This is also the way the veterinarians in my endemic area will treat their canine and equine Lyme disease patients who are the more difficult cases -- and there seems to be zero controversy about it. It is hard to tell if an animal is relapsing or re-infected, but in either case the benefit of doubt is given and the animal retreated with antibiotics for a period and reevaluated to determine whether to stop and see that the positive response holds or to continue with a prolonged course or courses as necessary.
Last edited by Claudia on Sun 10 Jun 2012 14:01, edited 1 time in total.

tosho
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Re: The problem in Sweden

Post by tosho » Wed 6 Jun 2012 19:35

Thanks for posting the link to this article: "Prolonged antibiotic therapy in PCR confirmed persistent Lyme disease". Good to see a healthy and reasonable approach to the problem, it's a bit like a "breath of a fresh air" compared to the IDSA's satire.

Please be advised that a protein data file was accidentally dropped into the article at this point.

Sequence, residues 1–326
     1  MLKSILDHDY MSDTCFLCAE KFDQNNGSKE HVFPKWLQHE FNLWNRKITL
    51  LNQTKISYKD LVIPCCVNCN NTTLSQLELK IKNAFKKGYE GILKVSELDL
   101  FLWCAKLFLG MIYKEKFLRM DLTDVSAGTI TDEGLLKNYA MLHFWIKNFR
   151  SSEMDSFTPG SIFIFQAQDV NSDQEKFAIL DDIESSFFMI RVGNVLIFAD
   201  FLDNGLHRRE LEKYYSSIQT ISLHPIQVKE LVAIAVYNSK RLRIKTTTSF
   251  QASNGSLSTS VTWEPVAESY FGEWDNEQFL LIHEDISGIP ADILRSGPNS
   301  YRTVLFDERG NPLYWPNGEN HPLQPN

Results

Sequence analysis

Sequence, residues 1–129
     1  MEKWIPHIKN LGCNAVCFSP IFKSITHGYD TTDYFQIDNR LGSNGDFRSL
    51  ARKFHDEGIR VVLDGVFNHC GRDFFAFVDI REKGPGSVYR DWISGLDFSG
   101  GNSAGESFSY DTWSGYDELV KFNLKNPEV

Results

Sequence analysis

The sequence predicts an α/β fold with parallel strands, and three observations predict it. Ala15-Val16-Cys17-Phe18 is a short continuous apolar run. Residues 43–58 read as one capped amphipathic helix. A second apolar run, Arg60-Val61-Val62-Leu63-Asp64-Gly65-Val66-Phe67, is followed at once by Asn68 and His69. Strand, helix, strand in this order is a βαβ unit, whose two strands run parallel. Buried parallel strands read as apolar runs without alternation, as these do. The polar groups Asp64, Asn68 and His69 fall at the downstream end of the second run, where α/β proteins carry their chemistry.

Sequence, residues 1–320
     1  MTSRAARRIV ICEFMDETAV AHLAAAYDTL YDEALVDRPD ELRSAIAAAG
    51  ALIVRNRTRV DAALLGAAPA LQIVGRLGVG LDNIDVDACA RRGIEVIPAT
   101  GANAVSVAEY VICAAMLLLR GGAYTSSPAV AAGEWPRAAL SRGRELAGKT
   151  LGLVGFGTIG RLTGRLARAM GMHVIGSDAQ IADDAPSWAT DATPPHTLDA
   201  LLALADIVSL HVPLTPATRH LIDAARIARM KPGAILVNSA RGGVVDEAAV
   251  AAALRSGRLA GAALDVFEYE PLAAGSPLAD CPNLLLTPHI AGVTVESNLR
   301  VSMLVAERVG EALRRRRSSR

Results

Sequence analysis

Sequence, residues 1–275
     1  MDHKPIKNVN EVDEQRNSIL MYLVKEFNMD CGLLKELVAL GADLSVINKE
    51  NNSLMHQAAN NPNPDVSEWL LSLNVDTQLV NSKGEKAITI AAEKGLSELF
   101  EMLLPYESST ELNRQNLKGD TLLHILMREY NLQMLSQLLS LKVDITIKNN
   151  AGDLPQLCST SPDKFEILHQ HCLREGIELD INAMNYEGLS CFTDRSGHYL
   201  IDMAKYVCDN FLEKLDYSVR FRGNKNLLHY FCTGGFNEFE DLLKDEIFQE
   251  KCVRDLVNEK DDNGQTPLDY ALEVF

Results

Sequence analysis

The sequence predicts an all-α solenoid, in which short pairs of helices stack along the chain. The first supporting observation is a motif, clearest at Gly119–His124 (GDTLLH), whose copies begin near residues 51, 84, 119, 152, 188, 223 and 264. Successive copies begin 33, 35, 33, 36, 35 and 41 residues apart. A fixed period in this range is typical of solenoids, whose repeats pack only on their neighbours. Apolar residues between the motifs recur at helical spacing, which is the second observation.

I've heard previously about dr. Klemann. You can google his website. What is worth noticing is that he is in the same city (Pforzheim) dr. Woitzel is. Dr. Woitzel is a Bionic 880 quack, who promotes bogus "energetic medicine" treatments for Lyme disease. I've heard from one patient of dr. Klemann that dr. Woitzel once proposed him co-operation, but thankfully dr. Klemann refused.